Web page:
It was mid-2020 when Oliver Wyman published a report citing some significant variations in the retail market. The analysis pointed to a “fundamental shift in consumer preference” as a result of the eCommerce surge that started in April 2020 following the COVID-19 lockdowns. Around the same time, McKinsey & Company issued their insights on how the “New Normal” presented unique retail challenges and hinted at a permanent and fundamental change in consumer behavior.
Fast forward to August 2021, and the statistics align with what was forecasted 15 months ago. Bottom line — COVID-19’s impact is here to stay, which begs a few questions. Do retailers need to revamp their product data strategies? If yes, should they proceed with caution or leverage the data at their disposal as aggressively as possible?
Considering that retailers need to weigh several key factors when establishing their product information management (PIM) function in the first place, it’s worth taking some time to consider new realities that are necessitating the overhaul of their product data strategies.
Consumer Behavior and Preferences Have Changed
Last year, Shopify revealed that products with Augmented Reality (AR) had 94% higher conversions than those without. Considering that this figure was much higher than in 2019, it’s clear that the pandemic had a significant impact on digital shopping experiences and expectations.
Consumers are now seeking a seamless and swift end-to-end online retail journey and are ready to explore further than before. In fact, brand loyalty took a serious hit with online purchasing becoming a more preferred channel across the globe. India, Indonesia, China, and the US topped the “new purchasing behavior” charts with many customers trying products from new or different brands.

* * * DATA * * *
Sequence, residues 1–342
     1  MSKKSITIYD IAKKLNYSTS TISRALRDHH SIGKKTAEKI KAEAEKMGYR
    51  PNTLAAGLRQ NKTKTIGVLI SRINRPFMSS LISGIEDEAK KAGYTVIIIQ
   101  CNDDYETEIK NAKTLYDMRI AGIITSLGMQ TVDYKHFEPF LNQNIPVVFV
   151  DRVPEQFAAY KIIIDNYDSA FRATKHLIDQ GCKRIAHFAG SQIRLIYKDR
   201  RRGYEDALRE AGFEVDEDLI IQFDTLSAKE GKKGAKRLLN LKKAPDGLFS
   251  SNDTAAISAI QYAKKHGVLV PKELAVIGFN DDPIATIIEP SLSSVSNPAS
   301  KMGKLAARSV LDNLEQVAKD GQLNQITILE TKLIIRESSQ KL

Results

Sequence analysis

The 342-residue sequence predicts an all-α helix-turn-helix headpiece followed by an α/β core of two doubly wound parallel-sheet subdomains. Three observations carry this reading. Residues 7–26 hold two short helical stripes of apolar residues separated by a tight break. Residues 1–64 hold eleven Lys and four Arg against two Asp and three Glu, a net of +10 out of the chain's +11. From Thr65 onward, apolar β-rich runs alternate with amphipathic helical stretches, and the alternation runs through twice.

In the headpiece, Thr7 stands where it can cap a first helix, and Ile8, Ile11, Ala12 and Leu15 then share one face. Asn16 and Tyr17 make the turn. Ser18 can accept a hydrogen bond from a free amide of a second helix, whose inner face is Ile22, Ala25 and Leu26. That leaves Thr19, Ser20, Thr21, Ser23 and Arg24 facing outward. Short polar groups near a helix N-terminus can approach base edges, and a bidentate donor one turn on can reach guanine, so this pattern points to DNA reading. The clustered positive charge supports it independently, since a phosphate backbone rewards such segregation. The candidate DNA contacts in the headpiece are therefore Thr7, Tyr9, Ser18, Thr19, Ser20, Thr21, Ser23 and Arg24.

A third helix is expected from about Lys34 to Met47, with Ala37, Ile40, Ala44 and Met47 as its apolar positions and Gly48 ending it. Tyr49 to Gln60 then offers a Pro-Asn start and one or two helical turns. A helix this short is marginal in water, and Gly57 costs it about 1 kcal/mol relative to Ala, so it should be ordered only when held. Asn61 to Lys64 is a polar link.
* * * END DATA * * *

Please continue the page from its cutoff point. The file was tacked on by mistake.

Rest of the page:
It’s uncertain whether these behaviors will persist into the future, but their impact on online retail has been holding steady so far in 2021. The key to success will be addressing these new preferences with a unified product data strategy that allows for optimized placement of keywords, easy-to-understand product descriptions, and accurate product images and videos.
For example, if a buyer is looking for a “QiYi Warrior 3×3 Stickerless Magic Speed Cube,” the data should be very specific about the item’s selling points and not just lend an arbitrary name or description that could possibly confuse the customer. This also entails having the right product metadata to drive search engine optimization.
To align product data strategy with consumer preference, it’s helpful for retailers to analyze purchase behavior (quantity, frequency, price point) and categorize consumers into groups or segments. For instance, if the retailer is seeing a segment of customers buying a specific product or category, then there could be an opportunity to introduce customizations to their online retail experience.
“As more customers use digital channels, organizations learn from behavioral data to further improve digital offerings, which in turn draw more users.” – Hajro et al., McKinsey & Company